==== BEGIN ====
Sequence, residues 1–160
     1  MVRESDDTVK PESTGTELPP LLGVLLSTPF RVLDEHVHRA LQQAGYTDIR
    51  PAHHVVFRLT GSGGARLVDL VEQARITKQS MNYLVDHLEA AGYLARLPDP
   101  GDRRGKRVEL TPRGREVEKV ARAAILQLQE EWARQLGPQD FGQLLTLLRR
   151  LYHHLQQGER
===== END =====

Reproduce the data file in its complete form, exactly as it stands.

Sequence, residues 1–160
     1  MVRESDDTVK PESTGTELPP LLGVLLSTPF RVLDEHVHRA LQQAGYTDIR
    51  PAHHVVFRLT GSGGARLVDL VEQARITKQS MNYLVDHLEA AGYLARLPDP
   101  GDRRGKRVEL TPRGREVEKV ARAAILQLQE EWARQLGPQD FGQLLTLLRR
   151  LYHHLQQGER